Doracor Official Website | Onirika - Page 3

Doracor Official Website

New Italian Progressive Rock

Prolusion. This Italian progressive rock outfit, DORACOR, celebrate their tenth anniversary this year, so some folks already regard them as veterans of the movement. "Onirica" is their fifth studio album, following "Evanescenze" (2005), "Tranzione" (2002), "Antiche Impressioni" (1999) and "Segni Premonitori" (1998). Doracor's lineup was never stable, the founder of the band, Corrado Sardella, being its only permanent member. As it also turned out from the outset, it's still Sardella who is responsible for the entire material on this recording too, both as a composer and a lyricist.

Analysis. Two of the five tracks on this 45-minute recording are instrumental pieces, and one of those is certainly that tiny cut right in the middle of the album that proffers itself as a bridge between the longer pieces. Though titled as Eden-II, it has nothing to do with, well, what otherwise would've been its fellow composition. Despite its brevity, this is a complete piece of music, a refined acoustic guitar passage performed through a delay unit. As to the other compositions, with an average track length approaching eleven minutes all certainly represent quite expanded musical canvases, but don't expect them to be stuffed with progressive features. Besides, the remark "Doracor have no problems with originality", which has been previously applicable to their work, has now lost a major part of its relevance. This album has sonic signposts at once as varied and kindred as Marillion, Citizen Cain and Ezra Winston, but also (perhaps just logically) more than its fill of the characteristic keyboard riffs-driven arrangements pioneered by Genesis while developing their then newly discovered style soon to be labeled as Neo Prog, i.e. from 1978 to 1981. The only time the first track, Eden, will make really happy the listener with a taste in intricate symphonic Art-Rock is in its finale or, to be more precise, during its last two minutes. Otherwise the music is unmistakably Marillion, a cross between That Time of the Night from "Clutching at Straws" and Lady Nina from "B-Sides Themselves". Not surprisingly, lead singer Milton Damia sounds a lot like Derek "Fish" Dick, while Gianna Chilla echoes back Tessa Niles. On the title number Milton sings on his own, quite often imitating Phil Collins, which is no surprise either, since he is forced to adapt his vocals to the music as such, much of which in turn suggests a collage of Genesis's songs, Snowbound, Turn It On Again and Abacab. On the plus side, within the piece's instrumental sections the sound is mostly both original and resourceful, some of the movements bringing to mind the best of quasi Jazz-Fusion, kudos to both Sardella and Vincenzo Antonicelli, the guest saxophone player who also appears on Dimensione-4. Despite the absence of vocals there, Dimensione-4 can be described almost the same way as Onirica, the only reservation concerning its second half, during which the piece develops much in the style of Duke's Travel and Duke's End, the last two tracks on "Duke", with which that album (at long last) reaches its progressive culmination. While only featuring the female singer behind the microphone, the remaining track, Il Gardino di Pietra, finds the band unexpectedly digressing into symphonic Hard Rock. Soon after the song's halfway point however, things sort themselves out, with Duke starting on his regular journey:-).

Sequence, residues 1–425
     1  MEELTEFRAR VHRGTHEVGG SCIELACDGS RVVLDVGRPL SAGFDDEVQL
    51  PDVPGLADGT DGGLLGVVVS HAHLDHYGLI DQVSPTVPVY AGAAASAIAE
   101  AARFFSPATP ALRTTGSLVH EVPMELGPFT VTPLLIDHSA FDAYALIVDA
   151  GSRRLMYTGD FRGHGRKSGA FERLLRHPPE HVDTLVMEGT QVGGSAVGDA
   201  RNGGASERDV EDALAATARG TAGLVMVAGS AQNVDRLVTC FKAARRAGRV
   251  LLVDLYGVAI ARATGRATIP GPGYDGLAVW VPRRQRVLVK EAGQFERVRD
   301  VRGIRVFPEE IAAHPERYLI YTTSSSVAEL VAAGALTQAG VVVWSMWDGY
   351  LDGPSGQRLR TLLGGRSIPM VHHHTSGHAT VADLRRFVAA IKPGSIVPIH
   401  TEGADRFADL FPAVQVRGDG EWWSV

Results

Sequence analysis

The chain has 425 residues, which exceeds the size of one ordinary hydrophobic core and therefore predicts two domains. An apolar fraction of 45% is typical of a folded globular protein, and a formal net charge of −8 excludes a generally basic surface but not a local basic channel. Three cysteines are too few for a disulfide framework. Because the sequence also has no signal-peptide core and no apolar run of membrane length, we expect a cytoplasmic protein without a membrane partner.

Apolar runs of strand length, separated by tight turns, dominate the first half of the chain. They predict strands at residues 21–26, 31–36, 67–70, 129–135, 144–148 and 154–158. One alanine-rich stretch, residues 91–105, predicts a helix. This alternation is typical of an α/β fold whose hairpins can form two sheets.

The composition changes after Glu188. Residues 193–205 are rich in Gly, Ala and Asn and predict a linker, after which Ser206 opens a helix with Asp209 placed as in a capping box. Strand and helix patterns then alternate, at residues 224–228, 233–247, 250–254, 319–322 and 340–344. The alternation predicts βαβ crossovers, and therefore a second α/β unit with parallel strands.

Conclusion.There are some moments on the disc that will please even the most demanding fans of classic Symphonic Progressive, but most of the music, while being melodically fulfilling and varied emotionally, isn't notable for any particular depths. So if you're mostly into Neo Prog, don't hesitate to check this CD out. If not, you shouldn't have any problems if I'll leave you to draw your own conclusion.

V.M.


Nouvel opus pour le prolifique DORACOR: le 6ème! Les albums se suivent et ne se ressemblent pas, puisque cette fois, le multi-instrumentiste est accompagné d’un vrai groupe, et sonne comme un vrai groupe : la musique est ainsi plus consistante, plus charpentée, mieux produite aussi, et s’apparente à un progressif italien sous perfusion Génesissienne. Jolis chants en italien, claviers à la Tony Banks (piano délicat, sons 70’s), bonne basse, on retrouve ici du CONQUEROR et du RANDONE pour rester dans les comparaison transalpine. Un bel album italien en définitive.


  • Doracor at Wikipedia
  • Red Canzian Official Website
  • Ian Mosley at Marillion.com
    • Doracor

    Discography

    Passioni postmoderne di un musicista errante (2016) - AMS 274

    La vita che cade (2011) - MMP 522

    Lady Roma (2008) - MMP 504

    Onirika (2007) - MMP 495

    Evanescenze (2005) - MMP 483

    Transizione (2001) - MMP 408

    Antiche impressioni (1999) - MMP 368

    Segni premonitori (1998) - MMP 348

    The long pathway (1997) - MMP 332

    Wanderlust (1995/1996 - unrel. demo)

     


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    Corrado Sardella
    Keyboards, Synthesizers

    Red Canzian
    Fretless Bass

    Kostas Milonas

    Drums

    Roberto Tiranti
    Vocals

    Alessandro Corvaglia
    Vocals

    Riccardo Mastantuono
    Guitars

    Maurizio Testani
    Bass

    Patrizio Destriere
    Sax

    Milton Damia
    Vocals, Guitars

    Jacky Man
    Bass

    Mike Wilbury
    Guitars

    Nicola Di GiĆ 
    Guitars

    Mimmo Picco
    Guitars

    Andrea Pavoni
    Keyboards

    Mario Barletta
    Trumpet

    Ian Beabout
    Transverse Flute